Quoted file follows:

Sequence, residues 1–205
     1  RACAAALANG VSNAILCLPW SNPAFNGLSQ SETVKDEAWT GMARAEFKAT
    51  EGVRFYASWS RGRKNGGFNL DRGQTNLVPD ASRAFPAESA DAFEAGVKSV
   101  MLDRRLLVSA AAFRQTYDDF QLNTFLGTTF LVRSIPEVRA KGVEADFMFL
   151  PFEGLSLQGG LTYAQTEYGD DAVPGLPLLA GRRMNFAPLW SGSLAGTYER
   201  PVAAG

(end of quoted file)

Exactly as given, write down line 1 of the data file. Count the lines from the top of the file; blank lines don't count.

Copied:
Sequence, residues 1–205